Also on January 25, 2000, ETRMC moved to compel responses to a second set of special interrogatories and requests for production of documents propounded on December 10, 1999. The interrogatories and requests were directed at learning whether Dr. Mileikowsky had copied medical records of persons who were not his patients, and Dr. Mileikowsky had raised objections without responding. Dr. Mileikowsky opposed the motions, arguing that his objections, one of which was that the questions violated his right against self-incrimination, had been well taken.
By order dated February 16, 2000, the court granted the motions with respect to monetary sanctions and ETRMC's motions to compel further responses to the interrogatories. Dr. Mileikowsky was to serve responses on or before February 28.
3. Second Request for Terminating Sanctions
On March 6, 2000, ETRMC sought terminating sanctions based on failure to comply with the January 6, 2000, order by actually producing documents, although no firm date had been set for that by the court. Instead, the parties were to "confer with each other through respective counsel and determine a deadline by which [Dr. Mileikowsky] would produce documents" after receipt of the responses to the request for production. Dr. Mileikowsky's opposition stated that the documents had been delivered on March 9 (or March 14), and blamed the delay on serious health problems within Dr. Mileikowsky's family. On March 28, 2000, the court ordered Dr. Mileikowsky to produce the documents by April 7 and to pay monetary sanctions.
Dr. Mileikowsky stated in his attached declaration that in late February 2000, he traveled to Belgium to attend his nephew's bris and naming ceremony, and to be with his brother who was having a surgical biopsy. He was also needed there to consult with his mother's doctors to develop a treatment plan for her chronic cardiovascular problems.
4. Third Motion to Compel
On March 16, 2000, ETRMC brought a motion to compel based on failure to respond, without objection, to the second set of interrogatories and request for production of documents as required by the order of February 16. In opposition, Dr. Mileikowsky contended that ETRMC's attorney failed to meet and confer and that responses were belatedly served — due to "grave family health reasons" — on March 21, 2000. In his responses, Dr. Mileikowsky stated that he had not copied any medical records of persons who were not his patients, and that there were no documents responsive to the request. By order dated April 6, 2000, the court ordered Dr. Mileikowsky to pay monetary sanctions. The order further stated: "This is the third time that the court has imposed monetary sanctions upon [Dr. Mileikowsky] and his counsel for failures to provide discovery in this proceeding. The court believes that such monetary sanctions are not sufficient to obtain compliance by [Dr. Mileikowsky] and his counsel with their discovery obligations, and the court believes that the failure to provide discovery in this case has been frivolous and in bad faith. Accordingly, [Dr. Mileikowsky] and his counsel are warned that any further failures on their part to comply with their discovery obligations in this matter may result in the imposition of an evidence sanction, an issue sanction, or a terminating sanction, in addition to monetary sanctions."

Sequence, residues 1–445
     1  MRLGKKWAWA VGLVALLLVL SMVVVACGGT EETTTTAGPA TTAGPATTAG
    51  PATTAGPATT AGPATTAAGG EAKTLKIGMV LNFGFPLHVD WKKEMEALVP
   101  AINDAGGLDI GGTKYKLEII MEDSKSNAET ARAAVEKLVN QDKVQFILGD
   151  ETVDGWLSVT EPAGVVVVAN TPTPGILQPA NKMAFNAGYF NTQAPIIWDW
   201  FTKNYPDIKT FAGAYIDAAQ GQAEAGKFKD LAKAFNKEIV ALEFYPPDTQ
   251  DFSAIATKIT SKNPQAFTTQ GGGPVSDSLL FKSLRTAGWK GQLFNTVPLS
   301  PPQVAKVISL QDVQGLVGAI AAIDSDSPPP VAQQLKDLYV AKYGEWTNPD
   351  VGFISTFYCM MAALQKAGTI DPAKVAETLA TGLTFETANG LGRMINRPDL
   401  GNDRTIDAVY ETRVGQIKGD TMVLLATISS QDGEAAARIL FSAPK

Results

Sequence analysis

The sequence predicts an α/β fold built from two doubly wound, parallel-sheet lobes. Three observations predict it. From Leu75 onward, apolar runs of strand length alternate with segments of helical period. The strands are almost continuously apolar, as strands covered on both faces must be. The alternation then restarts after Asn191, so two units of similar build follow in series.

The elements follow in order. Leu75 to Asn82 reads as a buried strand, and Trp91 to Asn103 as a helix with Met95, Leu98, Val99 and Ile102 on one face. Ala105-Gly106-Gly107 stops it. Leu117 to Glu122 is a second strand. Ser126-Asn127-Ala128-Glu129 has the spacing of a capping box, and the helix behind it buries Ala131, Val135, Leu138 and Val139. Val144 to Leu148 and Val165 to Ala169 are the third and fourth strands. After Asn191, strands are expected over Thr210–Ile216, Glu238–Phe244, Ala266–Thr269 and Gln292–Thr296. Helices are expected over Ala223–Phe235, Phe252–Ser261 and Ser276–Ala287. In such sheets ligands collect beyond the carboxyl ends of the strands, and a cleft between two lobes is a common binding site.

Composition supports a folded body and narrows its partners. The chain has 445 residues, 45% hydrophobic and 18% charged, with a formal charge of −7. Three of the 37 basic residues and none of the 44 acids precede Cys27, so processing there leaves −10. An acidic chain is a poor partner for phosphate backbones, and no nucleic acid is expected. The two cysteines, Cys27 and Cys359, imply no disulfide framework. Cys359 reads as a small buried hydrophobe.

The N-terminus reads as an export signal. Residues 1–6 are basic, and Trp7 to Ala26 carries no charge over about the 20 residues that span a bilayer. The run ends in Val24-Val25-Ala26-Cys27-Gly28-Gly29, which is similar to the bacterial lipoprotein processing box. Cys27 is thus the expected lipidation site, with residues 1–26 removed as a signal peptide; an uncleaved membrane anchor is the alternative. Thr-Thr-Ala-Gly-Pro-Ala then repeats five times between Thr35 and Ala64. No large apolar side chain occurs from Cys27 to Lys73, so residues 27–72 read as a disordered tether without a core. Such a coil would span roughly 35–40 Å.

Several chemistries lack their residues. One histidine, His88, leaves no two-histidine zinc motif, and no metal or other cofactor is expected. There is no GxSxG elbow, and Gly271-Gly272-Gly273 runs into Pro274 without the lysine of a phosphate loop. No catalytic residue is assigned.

5. Third Request for Terminating Sanctions
On February 28, 2000, ETRMC served a third set of requests for production on Dr. Mileikowsky seeking Dr. Mileikowsky's curriculum vitae, documents evidencing his board certification in the specialty of infertility, and documents evidencing his board certification between January 1, 1980, and the present. On April 13, 2000, ETRMC once again moved for terminating sanctions, this time for failure to respond to the third set of requests for production. In opposition, counsel for Dr. Mileikowsky claimed to have inadvertently filed the new request with older requests, failing to realize that it was new. The two documents responsive to the request were attached to the opposition. On May 8, the court ordered Dr. Mileikowsky to pay monetary sanctions, but refrained from dismissing the action because of "the fact that the discovery request in this instance appears to be of trivial importance and appears to be one which could readily have been included in one of the prior discovery requests." The court was therefore "not positively certain that this discovery request was not motivated more by the desire to harass [Dr. Mileikowsky] than by the need of relevant information."
6. Fourth Motion to Compel